Billing for One CSS Change

11/29/19

Every second you spend working as a designer should be billed back to the client. A simple button color change? Bill them. Additional links added to an existing menu? Send that invoice over. Some basic typeface changes? Don’t do it for free.

You need to be charging for all design work, regardless of difficulty or time required.

This concept might seem extremely obvious to more senior level workers but I have seen a good amount of junior devs make the mistake of “working for experience” or better yet “strengthening the client relationship”. Early on in my career I was just as guilty of doing this kind of thing. It was and still is a very foolish practice.

Do you really bill for one CSS change?

Absolutely. From the client’s perspective it may seem like they are being billed for one CSS change and 30 seconds of a designer’s time. In reality, they are paying for the designer’s years of experience to be able to solve that problem in only 30 seconds.

Would the client be happier with a significantly less qualified designer charging the same amount of money but taking 3 hours to complete the task? In the end, what’s the difference?

If it is a simple change that they believe should cost nothing, then why aren’t they doing it themselves?

We as developers and designers work in an odd industry. A lot of people (read clients) outside of our bubble tend to think they have a much better understanding of the work we do. Because of this, they tend to preface work requests with phrases like:

Most of the time these comments are harmless, but other times they are a subtle way of downplaying your skill and experience required to complete these work items. That skill and experience shouldn’t ever come free. It makes you wonder if these same people expect free work from trades-people (electricians, plumbers, etc) when they need what they think is a “simple” fix in their house.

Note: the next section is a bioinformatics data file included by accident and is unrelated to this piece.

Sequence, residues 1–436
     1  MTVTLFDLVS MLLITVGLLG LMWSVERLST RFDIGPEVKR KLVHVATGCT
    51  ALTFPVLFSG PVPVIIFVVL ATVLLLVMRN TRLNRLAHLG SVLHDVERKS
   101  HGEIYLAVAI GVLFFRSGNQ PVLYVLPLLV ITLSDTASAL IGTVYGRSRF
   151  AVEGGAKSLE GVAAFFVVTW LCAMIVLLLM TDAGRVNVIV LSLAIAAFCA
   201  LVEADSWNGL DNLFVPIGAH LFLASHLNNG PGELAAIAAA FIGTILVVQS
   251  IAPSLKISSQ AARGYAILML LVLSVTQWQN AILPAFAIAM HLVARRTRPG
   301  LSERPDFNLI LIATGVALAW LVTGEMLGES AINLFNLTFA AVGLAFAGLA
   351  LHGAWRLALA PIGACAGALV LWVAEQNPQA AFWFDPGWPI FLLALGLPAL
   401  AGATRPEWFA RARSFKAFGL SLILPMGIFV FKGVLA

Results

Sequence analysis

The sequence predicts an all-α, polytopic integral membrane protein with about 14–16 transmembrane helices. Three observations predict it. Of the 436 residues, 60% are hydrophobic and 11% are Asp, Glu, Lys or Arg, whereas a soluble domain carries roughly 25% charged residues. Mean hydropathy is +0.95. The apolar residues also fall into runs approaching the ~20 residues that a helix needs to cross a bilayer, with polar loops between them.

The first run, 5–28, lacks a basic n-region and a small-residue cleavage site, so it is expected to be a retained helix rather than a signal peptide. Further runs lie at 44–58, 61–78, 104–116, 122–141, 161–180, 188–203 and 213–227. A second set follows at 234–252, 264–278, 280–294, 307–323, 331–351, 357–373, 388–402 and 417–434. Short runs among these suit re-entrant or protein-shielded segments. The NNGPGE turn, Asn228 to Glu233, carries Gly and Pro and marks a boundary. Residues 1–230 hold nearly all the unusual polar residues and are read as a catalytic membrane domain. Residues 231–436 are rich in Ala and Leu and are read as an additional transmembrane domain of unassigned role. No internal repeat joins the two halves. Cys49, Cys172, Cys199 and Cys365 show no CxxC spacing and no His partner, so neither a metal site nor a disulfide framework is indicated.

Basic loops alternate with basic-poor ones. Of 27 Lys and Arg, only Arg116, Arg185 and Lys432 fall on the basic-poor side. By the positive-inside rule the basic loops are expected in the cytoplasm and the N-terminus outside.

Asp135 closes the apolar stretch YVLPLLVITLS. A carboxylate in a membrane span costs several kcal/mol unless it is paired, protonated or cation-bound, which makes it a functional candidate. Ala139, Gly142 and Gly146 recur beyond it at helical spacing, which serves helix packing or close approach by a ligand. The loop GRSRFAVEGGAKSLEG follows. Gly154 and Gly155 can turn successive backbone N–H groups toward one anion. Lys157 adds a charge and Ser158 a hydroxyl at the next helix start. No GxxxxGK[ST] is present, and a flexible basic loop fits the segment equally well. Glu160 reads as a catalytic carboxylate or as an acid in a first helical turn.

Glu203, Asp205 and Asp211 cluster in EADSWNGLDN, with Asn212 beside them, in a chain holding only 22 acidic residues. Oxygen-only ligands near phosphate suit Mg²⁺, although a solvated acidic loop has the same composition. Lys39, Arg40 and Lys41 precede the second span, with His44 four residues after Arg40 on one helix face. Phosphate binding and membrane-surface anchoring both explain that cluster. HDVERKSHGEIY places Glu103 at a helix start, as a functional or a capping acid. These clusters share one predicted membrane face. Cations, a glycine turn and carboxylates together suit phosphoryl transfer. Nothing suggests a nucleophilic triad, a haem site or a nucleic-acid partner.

Do you think workers in most other industries travel out to someone’s home and fix “small” issues for free? Hell no.

So why are developers and designers doing work for free? I truly don’t know - but it needs to stop.

A simple but useful system

You should live by the rule that every second you spend working for someone else is billable. I don’t mean that you should literally bill per second, but instead round to nearest estimated time slot (whether you are billing hourly, daily, sprint-based or per project). This ensures that your efforts are paid for and that the client will begin to truly value your time. Doing this from the get-go will save you headaches in the future.

I’m sorry if this comes off as preachy, but I’m just trying to inspire designers to value their work more. Don’t sell yourself short - your talent is valuable and shouldn’t be taken for granted.